Ear for soul-stirring music

While the diplomats were put up at swanky buildings, a cultural agenda ran parallelly.

Cut back to 1986 and the cold November days, Bangalore was abuzz with preparation for the Saarc summit.

The streets decked, the greenery pruned and the stones dressed, displayed a grand façade of Bengaluru to welcome the leaders. A galaxy of reputed artistes, too, descended onto our beautiful garden city. While the diplomats were cooped up in swanky buildings, a cultural agenda ran a parallel stream. A committee screened youth applicants for volunteering work.

I was then studied engineering at BMS College and would not let go of this opportunity. It was easy to convince my parents, given their passion for various forms of arts including music. I stood in a long line for several hours as the interviews progressed, and when my turn came, I put my best foot forward. My joy knew no bounds when I got selected.

On our first day, the new friends I made and the ensuing social interactions (not the social-media exchanges of today) were music to the ears, literally. We were told to meet the legendary Chitti Babu’s entourage and coordinate their settling-in activities. We sat at an arm’s distance from one of the greatest veena players to strike a conversation.

We were dumbfounded by his simplicity, and the fact that he inquired about our student life and goaded us to develop an interest in the arts. We listened to him tuning the veena and running his magical fingers through the strings. Albeit backstage, we enjoyed the maestro’s concert.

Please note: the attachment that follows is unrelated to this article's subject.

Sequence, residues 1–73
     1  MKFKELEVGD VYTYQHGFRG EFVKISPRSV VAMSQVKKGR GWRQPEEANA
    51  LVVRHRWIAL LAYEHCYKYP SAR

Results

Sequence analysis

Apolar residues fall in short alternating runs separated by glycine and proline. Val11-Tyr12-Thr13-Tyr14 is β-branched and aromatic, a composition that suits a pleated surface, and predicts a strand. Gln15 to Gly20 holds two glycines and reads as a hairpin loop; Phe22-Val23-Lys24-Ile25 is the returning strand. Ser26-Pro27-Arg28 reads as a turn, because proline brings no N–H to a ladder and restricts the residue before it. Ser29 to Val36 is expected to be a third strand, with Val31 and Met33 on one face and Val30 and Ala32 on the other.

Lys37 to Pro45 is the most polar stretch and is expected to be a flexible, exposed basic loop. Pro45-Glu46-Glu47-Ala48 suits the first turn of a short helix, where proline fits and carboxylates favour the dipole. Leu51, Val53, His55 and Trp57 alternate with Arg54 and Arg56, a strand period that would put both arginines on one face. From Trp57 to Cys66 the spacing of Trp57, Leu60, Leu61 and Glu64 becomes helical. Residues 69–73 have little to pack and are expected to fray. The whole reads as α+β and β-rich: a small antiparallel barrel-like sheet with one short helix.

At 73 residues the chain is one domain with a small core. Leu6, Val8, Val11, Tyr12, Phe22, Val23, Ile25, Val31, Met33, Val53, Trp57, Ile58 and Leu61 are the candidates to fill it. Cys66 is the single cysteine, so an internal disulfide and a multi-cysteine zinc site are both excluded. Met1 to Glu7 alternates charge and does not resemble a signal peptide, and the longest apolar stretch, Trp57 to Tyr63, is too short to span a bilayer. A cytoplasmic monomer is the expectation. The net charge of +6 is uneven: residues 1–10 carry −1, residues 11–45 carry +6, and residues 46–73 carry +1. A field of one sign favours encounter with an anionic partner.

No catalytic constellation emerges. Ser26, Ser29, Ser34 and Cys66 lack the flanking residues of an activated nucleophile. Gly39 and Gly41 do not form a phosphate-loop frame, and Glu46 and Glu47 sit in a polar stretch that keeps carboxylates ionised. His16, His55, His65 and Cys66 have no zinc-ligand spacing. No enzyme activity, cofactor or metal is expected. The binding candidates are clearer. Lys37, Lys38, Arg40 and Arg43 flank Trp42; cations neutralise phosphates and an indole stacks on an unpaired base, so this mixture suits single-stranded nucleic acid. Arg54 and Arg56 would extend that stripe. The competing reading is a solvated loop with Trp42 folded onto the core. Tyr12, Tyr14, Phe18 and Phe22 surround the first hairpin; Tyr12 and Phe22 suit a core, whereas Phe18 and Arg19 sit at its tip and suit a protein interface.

Our next guest was Kadri Gopalnath, the Carnatic music genius who played the saxophone. We received him from the parking lot. Matching our steps to his, we helped him and his team settle down in their room. As youngsters, we were in awe at the way he wore his hair and the tilakam on his forehead, accentuated by the sheer proximity to this simple man. He did not have any asks, instead there was a genuineness in his questions. We were once again showered with a magical play of tunes on his instrument, that is otherwise so western. 

Next day, at another hotel, we helped Pandit Jasraj, the Hindustani classical vocalist par excellence. Rather than we being hosts, it was he who hosted us in his expansive room — we all squatted as we experienced a few gharana tidbits that transported us to a magical world.  His voice, in the absence of a microphone but within the precincts of the room, touched the pinnacle of melody and rings in my ears even today. It was a mystical experience being treated to his concert!

Ustad Bismilla Khan was housed at a special quarters in a hotel complex, and we could not get close to him. So, to make up for the same, some of us decided to abscond from our duties and witness his shehnai nadam from the front rows at  Lalbagh Glass House. Divine is an under­statement to the music he treated us to.

Thirty years later, I write this to thank whoever gave me the opportunity to serve these masters. If any regrets, there were no smartphones to click selfies then. A huge plus though, it exposed the ear in me to enjoy soul-stirring music!

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